‘Journey to the Centre of the TARDIS’

DoctorSerious
the Serious Doctor… who really needs way, way more screen time.

I have to say, Doctor Who is a relatively odd experience for me these days.  There have been many episodes in the Matt Smith episode that have just left me completely disappointed and dislocated from the absorbing storyline of  the Time Lord and his many companions.  To me it has been quite unnerving, because many of the plots have just been ludicrous to the point that I don’t want to ‘take them seriously’ – in other words, I cherry-pick my favourite episodes and try to forget all the below average episodes that don’t fit my vision of Doctor Who. Woah, reading that back to myself… Doctor Who IS a Religion!

But behold, the one episode of Doctor Who in Matt Smith’s era that I actually don’t mind.  Keep note here,  I didn’t say I love it – but it is most definitely an improvement.  That episode is ‘Journey to the Centre of the TARDIS’ – and let me tell you what really made this episode for me. THIS POST CONTAINS SPOILERS.

My Favourite Things

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1. “Save her, or we all die.

“It’s no secret that Matt Smith hasn’t played a very serious Doctor in his time on the show.  His incarnation of the Doctor often seems more confused and silly than serious and insightful – I’m not saying that the role of the Doctor shouldn’t be humorous – but there’s a balance needed to persuade the thought that there is over 900 years of Time Lord in that head.  Even Tom Baker, who was without a doubt one of the more silly Doctors, had his balance of seriousness and wisdom.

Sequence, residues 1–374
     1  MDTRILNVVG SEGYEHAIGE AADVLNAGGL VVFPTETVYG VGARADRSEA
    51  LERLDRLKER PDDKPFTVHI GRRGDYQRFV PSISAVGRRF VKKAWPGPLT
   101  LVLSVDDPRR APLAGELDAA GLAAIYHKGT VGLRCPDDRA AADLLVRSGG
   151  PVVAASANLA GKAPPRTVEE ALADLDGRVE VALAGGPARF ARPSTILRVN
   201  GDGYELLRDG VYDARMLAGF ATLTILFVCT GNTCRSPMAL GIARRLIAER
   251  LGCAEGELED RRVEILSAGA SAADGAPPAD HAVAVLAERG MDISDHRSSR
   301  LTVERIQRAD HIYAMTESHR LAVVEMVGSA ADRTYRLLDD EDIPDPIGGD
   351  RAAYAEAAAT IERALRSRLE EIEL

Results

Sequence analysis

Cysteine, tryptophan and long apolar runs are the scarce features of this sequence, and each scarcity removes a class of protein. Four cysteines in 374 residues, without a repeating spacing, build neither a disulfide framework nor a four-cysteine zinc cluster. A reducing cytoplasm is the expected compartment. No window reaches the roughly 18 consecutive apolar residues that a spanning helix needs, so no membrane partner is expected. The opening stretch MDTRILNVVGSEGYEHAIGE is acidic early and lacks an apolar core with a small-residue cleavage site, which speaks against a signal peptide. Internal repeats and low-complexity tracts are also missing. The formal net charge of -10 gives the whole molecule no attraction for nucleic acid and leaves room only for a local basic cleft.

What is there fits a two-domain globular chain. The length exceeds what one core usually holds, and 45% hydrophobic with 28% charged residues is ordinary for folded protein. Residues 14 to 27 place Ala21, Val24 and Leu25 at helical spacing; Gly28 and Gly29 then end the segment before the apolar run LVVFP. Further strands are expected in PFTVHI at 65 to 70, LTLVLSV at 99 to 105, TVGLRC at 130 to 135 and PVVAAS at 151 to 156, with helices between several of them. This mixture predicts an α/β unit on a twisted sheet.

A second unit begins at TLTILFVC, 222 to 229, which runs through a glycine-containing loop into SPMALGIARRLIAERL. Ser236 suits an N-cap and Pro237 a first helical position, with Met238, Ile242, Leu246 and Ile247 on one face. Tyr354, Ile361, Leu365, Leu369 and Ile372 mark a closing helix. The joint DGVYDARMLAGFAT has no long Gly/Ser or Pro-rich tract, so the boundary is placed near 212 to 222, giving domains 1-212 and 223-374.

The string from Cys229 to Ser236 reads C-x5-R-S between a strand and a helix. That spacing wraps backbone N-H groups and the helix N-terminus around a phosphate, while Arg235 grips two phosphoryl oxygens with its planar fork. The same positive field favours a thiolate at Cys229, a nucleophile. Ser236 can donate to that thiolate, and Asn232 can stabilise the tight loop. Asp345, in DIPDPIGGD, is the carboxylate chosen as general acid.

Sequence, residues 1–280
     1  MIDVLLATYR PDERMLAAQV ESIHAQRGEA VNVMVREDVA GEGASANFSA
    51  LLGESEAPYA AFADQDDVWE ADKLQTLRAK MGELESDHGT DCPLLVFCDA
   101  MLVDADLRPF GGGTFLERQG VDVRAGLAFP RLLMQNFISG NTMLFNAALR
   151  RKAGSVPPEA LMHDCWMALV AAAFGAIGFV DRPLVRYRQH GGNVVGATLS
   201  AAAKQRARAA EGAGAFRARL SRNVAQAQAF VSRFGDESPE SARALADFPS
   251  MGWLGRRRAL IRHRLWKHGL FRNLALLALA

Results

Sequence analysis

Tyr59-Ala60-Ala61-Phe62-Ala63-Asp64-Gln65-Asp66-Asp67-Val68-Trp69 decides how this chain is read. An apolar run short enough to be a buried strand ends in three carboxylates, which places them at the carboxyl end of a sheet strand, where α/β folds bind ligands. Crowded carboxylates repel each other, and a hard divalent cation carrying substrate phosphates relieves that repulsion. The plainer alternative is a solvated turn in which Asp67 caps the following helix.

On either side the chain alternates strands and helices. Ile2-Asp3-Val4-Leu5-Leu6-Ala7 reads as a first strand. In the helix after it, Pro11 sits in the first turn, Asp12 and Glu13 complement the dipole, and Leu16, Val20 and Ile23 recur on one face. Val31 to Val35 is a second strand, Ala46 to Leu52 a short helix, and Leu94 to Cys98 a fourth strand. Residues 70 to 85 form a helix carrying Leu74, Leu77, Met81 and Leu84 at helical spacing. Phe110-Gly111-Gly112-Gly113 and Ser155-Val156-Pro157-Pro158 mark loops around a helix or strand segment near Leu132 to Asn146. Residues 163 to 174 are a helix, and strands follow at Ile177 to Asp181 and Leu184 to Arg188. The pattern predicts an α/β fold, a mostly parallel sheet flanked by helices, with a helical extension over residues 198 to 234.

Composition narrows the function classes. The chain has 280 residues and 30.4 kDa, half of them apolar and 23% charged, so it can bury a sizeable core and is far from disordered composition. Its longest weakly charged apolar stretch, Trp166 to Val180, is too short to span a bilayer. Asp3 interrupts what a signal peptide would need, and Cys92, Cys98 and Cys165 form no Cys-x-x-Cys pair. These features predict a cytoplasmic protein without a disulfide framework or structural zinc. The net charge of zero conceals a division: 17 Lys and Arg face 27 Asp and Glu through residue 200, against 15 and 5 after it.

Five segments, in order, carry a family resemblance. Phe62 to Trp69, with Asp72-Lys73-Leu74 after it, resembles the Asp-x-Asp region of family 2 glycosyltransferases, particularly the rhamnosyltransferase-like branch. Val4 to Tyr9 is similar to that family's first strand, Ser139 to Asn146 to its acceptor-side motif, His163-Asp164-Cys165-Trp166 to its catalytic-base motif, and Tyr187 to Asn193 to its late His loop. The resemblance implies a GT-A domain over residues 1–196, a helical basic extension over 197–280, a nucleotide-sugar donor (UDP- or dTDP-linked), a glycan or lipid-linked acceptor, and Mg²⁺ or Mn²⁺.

When the Doctor set the timer and locked the scavengers in the TARDIS – telling them that if Clara wasn’t found within the hour the Time Machine would explode killing them all – I, for the first time in ages of watching Doctor Who, laughed in excitement.  That was the Doctor that I’ve always wanted Matt Smith’s Doctor to be.  But it gets better. For me, the greatest moment in this episode… and I could probably go as far as to say the whole Matt Smith era leading up until now… was the bluff.  Later on in the episode, the Doctor reveals that he was bluffing – saying that you just have to ‘Wiggle a few buttons’ – but most importantly, give them ‘the face’ and say, “Save her, or we all die.”  Absolutely freaking brilliant and so very, very Doctor Who.  It sends shivers down my spine just thinking of the perfect execution of that scene. (They slightly diminished the moment when the dialogue suddenly devolved into ‘We’re in trouble Clara, proper trouble. It needs fixing or we’re toast.’ Nonetheless, that moment is fantastic all the same.